Trends in Customer Service: Understanding Customers and Investing in AI

November 17, 2022
Nov 17, 2022
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Trends in Customer Service: Understanding Customers and Investing in AI

The technologies that bring the most value to companies, where leaders expect to see gains, and an increase in investment are among the trends Gartner identified talking with customer service leaders worldwide for their piece, 4 Key Tech Trends in Customer Service to Watch.

Those predictions were made from a survey of customer service and support leaders from around the world. But how are these predictions holding up a year later, and do they relate to what we, and others, are seeing?

1. Enabling Customer Service Representatives Brings the Most Value

Gartner predicted that, while AI, internet of things (IoT), and VR technologies were capturing attention, tools that enable customer service representatives (CSRs) actually brought the most value and would continue to do so. Specifically, Gartner referenced their ability to increase flexibility, manage a hybrid workforce, and meet customer expectations.

Many products in this space now tout their ability to offer agent assistance while including some of the other tools Gartner referenced - including AI in particular. This shows that the market still feels enabling reps is important a year later.

Many of those platforms use AI though, so it’s not necessarily a standalone solution, and the use of AI meets many of those demands. While helping CSRs brings value, the ability to do that while also unlocking other capabilities with technology such as AI is a place many see value. According to CCW Digital’s March 2022 Market Study, leaders’ highest priority is business metrics such as revenue and profit, which all of these technologies tie into. This reflects what we’ve seen, where businesses ultimately want technology that can achieve multiple things to improve business metrics.

2. You Need to Understand Your Customers

Digital self-service channels and predictive customer analytics would become the most valuable capabilities within the next two years, according to Gartner. A year in, and the value is evident.

According to Talkdesk, 60% of companies are using or actively investing into AI for self service. Even among those that aren’t investing in it yet, many of the companies we have spoken to are interested in both capabilities. In fact, we’re currently working with one company that is enabling self service for voice first for some of their simplest yet highest volume reasons for calling - order tracking.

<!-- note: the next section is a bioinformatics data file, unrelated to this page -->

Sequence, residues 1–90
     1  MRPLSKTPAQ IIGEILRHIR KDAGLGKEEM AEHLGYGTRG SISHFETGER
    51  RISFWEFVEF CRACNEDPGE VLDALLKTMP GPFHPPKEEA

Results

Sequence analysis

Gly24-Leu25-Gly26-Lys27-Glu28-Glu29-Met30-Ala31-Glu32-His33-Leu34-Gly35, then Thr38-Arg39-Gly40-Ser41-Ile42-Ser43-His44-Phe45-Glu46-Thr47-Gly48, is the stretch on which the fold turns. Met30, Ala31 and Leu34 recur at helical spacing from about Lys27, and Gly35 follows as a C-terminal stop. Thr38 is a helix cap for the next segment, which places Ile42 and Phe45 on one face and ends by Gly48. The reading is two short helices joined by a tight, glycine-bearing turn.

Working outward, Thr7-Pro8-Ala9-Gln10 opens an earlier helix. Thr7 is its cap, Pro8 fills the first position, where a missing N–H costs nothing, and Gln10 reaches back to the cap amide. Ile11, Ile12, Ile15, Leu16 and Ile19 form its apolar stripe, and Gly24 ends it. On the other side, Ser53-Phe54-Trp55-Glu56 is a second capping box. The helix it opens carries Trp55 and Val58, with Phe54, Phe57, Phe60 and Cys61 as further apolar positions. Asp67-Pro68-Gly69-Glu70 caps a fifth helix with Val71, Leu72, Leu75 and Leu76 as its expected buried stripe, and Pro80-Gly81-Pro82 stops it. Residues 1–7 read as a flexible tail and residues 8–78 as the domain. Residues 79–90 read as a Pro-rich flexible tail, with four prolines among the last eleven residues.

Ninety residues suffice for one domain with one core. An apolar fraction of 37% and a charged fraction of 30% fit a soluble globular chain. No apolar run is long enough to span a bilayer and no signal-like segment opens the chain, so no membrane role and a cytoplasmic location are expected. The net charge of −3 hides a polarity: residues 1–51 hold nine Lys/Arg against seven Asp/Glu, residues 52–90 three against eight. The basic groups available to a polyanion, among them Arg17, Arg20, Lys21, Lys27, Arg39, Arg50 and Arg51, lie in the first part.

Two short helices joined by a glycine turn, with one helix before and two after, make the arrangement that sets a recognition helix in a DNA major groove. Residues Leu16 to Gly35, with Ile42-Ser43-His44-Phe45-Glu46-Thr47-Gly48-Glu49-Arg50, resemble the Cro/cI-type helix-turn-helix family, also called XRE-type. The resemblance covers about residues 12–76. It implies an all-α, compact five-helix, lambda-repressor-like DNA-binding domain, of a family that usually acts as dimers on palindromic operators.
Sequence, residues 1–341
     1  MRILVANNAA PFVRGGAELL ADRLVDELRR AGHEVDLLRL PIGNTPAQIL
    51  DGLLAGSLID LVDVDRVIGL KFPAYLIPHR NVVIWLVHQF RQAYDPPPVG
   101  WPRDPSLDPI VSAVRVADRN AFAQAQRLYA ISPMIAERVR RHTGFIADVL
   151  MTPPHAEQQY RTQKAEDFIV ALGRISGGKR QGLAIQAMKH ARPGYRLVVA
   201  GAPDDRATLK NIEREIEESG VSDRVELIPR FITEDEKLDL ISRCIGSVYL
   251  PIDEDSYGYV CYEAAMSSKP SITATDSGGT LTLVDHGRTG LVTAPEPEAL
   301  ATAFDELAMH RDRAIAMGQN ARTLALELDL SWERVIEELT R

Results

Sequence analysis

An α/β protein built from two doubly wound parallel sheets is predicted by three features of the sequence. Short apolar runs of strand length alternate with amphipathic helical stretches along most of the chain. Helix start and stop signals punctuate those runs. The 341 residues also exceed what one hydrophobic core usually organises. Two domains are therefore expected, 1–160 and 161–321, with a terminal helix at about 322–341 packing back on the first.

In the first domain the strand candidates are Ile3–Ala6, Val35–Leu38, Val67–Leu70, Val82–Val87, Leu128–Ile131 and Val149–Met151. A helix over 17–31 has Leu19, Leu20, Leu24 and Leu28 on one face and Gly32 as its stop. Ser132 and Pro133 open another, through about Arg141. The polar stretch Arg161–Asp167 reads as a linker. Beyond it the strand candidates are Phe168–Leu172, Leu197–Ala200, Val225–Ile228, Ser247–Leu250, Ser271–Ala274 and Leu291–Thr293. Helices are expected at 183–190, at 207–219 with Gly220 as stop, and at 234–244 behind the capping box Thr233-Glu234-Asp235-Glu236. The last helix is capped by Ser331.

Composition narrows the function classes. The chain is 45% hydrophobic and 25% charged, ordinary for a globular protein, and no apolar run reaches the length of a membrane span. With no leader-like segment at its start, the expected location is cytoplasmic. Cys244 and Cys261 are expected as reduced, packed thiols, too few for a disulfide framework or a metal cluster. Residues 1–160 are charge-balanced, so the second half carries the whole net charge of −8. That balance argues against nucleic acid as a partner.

The potential cost savings for companies in these areas can be substantial. Even more impactful to revenue, customers expect a smooth experience, and are inclined to leave a brand if they don’t get it.

3. Leaders Expect Data and Analytics to Become the Most Valuable

Customer service and support leaders told Gartner that they expected data and analytics to be the most valuable tool in two years. A year into that, and it’s hard to disagree - data and analytics are the most valuable tool for most parts of any business.

In the case of customer service, we have heard the same from many leaders that we’ve spoken to, with examples of how it could have saved money based off patterns in interactions to wanting to see real-time analytics 

We’re unlocking that data not just by analyzing interactions in real-time for intent and sentiment, but we also capture all of the data from interactions and process insights from that data. This idea continues to resonate with businesses that are collecting data, but don’t have the full picture of their customers and their journeys. 

4. Large Investments in AI and Chatbots Are Coming

Gartner predicted that more companies were about to invest in the likes of AI for customer service. In fact, leaders Gartner surveyed predicted this is where value would increase the most in the future. And while investment has dropped slightly since last year - according to Talkdesk, 69% were using or investing in AI for self service last year compared to the 60% this year - it is still being heavily invested in.

There are some bigger picture reasons for the drop, but many businesses have struggled to implement AI for customer service and stepped back from doing so. Some commonly cited causes for this include technical troubles up front, not having the skill sets on staff to maintain it, or not realizing immediate value.

Using AI and chatbots can be complicated because it’s not the right choice for every potential use case, and the groundwork needs to be done to ensure adoption. However, investment is still widespread, and as it becomes more commonplace, customers will expect it - and potentially demand it - reflecting the prediction that it will gain the most value.

If you’re interested in learning more about how we’re helping companies leverage AI for customer service, you can read more about our Unified Conversational Customer Service Platform.